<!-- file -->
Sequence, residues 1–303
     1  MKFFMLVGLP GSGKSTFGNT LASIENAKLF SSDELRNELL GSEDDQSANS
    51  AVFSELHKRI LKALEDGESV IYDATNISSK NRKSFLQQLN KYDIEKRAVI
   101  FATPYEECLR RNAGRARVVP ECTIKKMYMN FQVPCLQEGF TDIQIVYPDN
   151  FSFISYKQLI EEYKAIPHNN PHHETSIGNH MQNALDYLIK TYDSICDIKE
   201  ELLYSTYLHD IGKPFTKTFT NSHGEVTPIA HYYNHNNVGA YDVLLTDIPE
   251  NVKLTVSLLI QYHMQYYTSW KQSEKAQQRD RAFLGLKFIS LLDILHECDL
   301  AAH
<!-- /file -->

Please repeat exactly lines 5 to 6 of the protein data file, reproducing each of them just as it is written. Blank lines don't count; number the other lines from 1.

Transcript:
   151  FSFISYKQLI EEYKAIPHNN PHHETSIGNH MQNALDYLIK TYDSICDIKE
   201  ELLYSTYLHD IGKPFTKTFT NSHGEVTPIA HYYNHNNVGA YDVLLTDIPE